Citrix is in a ho-e it may not get out of. It has a set of products that didn’t keep pace and continue to lose relevance. The pace of industry change over the last ~5 yrs. caught leadership off-guard, coupled with a very different Microsoft no longer interested in super closed ecosystems (Ballmer’s Microsoft gave Citrix a long lease on life). Naturally, leadership’s job was to lay out a clear strategy for the company and use the sizable war chest to prevent this situation but that didn’t happen. None of the existing products provide a credible path to growth. The only interested buyers would gut the company, keep a small customer support crew and milk renewals for as long as possible (there are a few companies that specialize in this space). There might also be some licensable IP. There is zero interest from anyone to buy the technology/products because there are better and cheaper options. Unless Citrix figures out a way to sell at a discount, or there is some genius financial engineering, there is little chance it will find a buyer in this frothy market.
How did we get here?
1 - The canary in the coal mine is the fact that only a tiny percentage of Citrix employees use Citrix, since at least 10 yrs ago. Sure, as a point solution to apps that one couldn’t get to from the local desktop (SAP?)- but that was it. If you don’t use your own tech products, you know something is not quite right.
2 - Citrix always sold to and appealed to IT infrastructure managers. Quick solution to deploy problematic apps in a somewhat effective way. But the infrastructure is now going to cloud providers who can stream desktops and apps on the cheap - with features and functionality that easily rival whatever Citrix has. The new buyers are gone. Would a company created today, or during the last decade, need Citrix? The answer is no.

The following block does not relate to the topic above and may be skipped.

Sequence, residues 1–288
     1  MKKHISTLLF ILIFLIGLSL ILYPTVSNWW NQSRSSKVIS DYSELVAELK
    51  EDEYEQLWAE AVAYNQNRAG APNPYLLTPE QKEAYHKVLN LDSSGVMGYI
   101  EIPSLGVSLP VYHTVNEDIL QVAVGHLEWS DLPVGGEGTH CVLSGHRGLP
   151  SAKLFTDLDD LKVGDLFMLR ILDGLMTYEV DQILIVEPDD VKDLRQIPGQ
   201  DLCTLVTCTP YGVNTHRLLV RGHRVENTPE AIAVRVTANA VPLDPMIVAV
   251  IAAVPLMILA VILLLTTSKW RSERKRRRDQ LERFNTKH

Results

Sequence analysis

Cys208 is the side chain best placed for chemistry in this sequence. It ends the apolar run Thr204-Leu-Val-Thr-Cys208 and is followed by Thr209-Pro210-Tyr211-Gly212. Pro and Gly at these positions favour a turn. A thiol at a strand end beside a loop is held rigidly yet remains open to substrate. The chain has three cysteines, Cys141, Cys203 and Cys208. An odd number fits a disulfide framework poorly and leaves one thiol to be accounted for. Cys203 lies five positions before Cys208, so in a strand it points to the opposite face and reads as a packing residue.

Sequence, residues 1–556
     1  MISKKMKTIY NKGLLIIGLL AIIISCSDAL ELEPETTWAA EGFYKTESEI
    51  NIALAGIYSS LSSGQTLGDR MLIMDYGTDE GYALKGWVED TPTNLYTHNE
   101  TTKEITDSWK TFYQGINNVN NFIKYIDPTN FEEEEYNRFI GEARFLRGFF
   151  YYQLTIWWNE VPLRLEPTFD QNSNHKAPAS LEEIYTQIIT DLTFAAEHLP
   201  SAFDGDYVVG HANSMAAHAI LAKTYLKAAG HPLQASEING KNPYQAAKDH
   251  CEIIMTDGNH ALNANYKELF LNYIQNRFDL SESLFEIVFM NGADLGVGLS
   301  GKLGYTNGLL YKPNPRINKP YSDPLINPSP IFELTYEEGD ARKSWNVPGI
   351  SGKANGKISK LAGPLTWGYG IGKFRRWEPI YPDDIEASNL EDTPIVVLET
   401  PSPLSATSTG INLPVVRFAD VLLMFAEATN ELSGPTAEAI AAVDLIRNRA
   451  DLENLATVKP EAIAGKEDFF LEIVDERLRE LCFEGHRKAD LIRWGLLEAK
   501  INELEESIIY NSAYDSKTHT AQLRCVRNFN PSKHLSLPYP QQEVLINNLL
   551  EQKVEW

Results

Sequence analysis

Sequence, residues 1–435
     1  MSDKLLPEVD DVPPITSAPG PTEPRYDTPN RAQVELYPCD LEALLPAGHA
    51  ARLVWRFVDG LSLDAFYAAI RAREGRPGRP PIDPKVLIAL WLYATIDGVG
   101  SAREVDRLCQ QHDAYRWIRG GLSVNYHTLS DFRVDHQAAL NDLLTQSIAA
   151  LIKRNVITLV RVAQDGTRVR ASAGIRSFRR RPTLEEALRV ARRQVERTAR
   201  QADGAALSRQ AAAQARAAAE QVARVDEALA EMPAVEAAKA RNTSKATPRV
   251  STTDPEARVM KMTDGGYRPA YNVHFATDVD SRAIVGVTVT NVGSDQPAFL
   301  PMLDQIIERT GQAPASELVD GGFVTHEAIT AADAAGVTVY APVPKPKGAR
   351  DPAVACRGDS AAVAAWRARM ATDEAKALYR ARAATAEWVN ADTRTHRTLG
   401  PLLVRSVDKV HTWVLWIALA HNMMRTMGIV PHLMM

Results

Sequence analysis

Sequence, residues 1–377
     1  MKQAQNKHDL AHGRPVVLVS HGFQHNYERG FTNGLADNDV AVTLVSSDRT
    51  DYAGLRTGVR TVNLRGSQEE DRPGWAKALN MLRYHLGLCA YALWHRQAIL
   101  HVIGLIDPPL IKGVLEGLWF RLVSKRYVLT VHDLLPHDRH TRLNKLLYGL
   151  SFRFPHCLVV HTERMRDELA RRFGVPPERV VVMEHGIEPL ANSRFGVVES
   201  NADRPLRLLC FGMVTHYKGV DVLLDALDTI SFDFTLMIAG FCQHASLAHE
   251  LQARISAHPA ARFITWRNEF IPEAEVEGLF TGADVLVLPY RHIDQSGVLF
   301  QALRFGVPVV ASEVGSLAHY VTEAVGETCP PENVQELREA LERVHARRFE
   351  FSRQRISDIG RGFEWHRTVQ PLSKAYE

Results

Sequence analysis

3 - The lure of “easy” money over hard work/high risk was too much for the leadership (looking at you DH). Easier to roll acquired products/technologies as value-add fillers to enterprise and platinum license editions to convince customers to continue renewing or “trade-up”. Some of the acquisitions could have delivered high growth and top line in their own right, but the stomach to invest and risk was never there.
4 - Leadership and strategic changes that stalled the company. A mix of bringing in the wrong outside talent combined with shrewd long term insiders that sabotaged new, risky initiatives. Would a new, risky pívot work? We will never know. But the Zoom market cap is multiples CTXS. Hmmm.
5 - No strategy. Duh! Financial metrics became THE strategy. As a public company, if you have a compelling strategy, investors will overlook short/medium term financials knowing you will come through. Citrix has no strategy and no values (otherwise, why rebrand every two years?). So, if you have no strategy, investors are right to demand you maximize your short term financial performance and return money to shareholders. Enter Elliot! Efficient resource utilization and financial management are now the core competencies.
6 - “Growth” from the last few years is a bunch of smoke and mirrors. Clever price increases and nice tricks with license trade-ins/upgrades have created a barely credible illusion of “organic growth” and “customers migrating to our cloud products”. But Elliot is back. Someone smells a fish.
So - yes, the culture is toxic. The managers can be cut-throat. Typical of companies that are no longer growing and are on their way down. Managers are under huge pressure to deliver the numbers. Individuals are stretched thin. Leaders are freaking out, and when they freak out, they micromanage. That means more TPS reports and more often. All of it a vicious cycle and part of the death spiral.
The dream? To find a buyer that takes Citrix off the public eye, relieves pressure, and gives people the time and space to reimagine the company. If there are people that can do that, none of them are in the existing executive team. Do they exist? We shall see.